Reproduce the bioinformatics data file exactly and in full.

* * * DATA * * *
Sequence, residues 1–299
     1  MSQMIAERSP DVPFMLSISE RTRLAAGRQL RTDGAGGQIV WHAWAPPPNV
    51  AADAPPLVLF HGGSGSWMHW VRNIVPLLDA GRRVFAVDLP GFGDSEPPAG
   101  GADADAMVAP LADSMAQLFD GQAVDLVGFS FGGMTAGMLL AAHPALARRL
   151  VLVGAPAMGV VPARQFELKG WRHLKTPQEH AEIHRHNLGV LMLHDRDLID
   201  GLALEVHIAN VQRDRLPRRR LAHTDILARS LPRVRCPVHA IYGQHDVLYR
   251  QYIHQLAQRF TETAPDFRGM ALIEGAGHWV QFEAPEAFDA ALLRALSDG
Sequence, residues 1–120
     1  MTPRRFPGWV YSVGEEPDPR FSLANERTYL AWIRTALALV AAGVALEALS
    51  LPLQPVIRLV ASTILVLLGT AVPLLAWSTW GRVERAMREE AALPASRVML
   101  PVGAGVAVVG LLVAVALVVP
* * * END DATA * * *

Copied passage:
Sequence, residues 1–299
     1  MSQMIAERSP DVPFMLSISE RTRLAAGRQL RTDGAGGQIV WHAWAPPPNV
    51  AADAPPLVLF HGGSGSWMHW VRNIVPLLDA GRRVFAVDLP GFGDSEPPAG
   101  GADADAMVAP LADSMAQLFD GQAVDLVGFS FGGMTAGMLL AAHPALARRL
   151  VLVGAPAMGV VPARQFELKG WRHLKTPQEH AEIHRHNLGV LMLHDRDLID
   201  GLALEVHIAN VQRDRLPRRR LAHTDILARS LPRVRCPVHA IYGQHDVLYR
   251  QYIHQLAQRF TETAPDFRGM ALIEGAGHWV QFEAPEAFDA ALLRALSDG
Sequence, residues 1–120
     1  MTPRRFPGWV YSVGEEPDPR FSLANERTYL AWIRTALALV AAGVALEALS
    51  LPLQPVIRLV ASTILVLLGT AVPLLAWSTW GRVERAMREE AALPASRVML
   101  PVGAGVAVVG LLVAVALVVP